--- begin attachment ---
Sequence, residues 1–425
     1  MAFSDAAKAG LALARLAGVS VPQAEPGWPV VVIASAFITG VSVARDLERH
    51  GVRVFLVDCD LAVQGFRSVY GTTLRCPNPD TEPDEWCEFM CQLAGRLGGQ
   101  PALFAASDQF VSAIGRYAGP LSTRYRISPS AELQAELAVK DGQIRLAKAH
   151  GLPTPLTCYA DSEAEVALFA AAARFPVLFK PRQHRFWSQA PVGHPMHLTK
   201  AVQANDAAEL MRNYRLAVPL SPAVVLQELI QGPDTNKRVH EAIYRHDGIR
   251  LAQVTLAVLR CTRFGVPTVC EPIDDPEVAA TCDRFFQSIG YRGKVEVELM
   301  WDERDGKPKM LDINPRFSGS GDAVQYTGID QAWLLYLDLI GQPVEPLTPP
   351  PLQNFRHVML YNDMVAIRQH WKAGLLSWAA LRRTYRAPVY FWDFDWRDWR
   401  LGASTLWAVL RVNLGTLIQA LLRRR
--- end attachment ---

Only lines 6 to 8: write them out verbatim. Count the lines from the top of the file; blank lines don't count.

   201  AVQANDAAEL MRNYRLAVPL SPAVVLQELI QGPDTNKRVH EAIYRHDGIR
   251  LAQVTLAVLR CTRFGVPTVC EPIDDPEVAA TCDRFFQSIG YRGKVEVELM
   301  WDERDGKPKM LDINPRFSGS GDAVQYTGID QAWLLYLDLI GQPVEPLTPP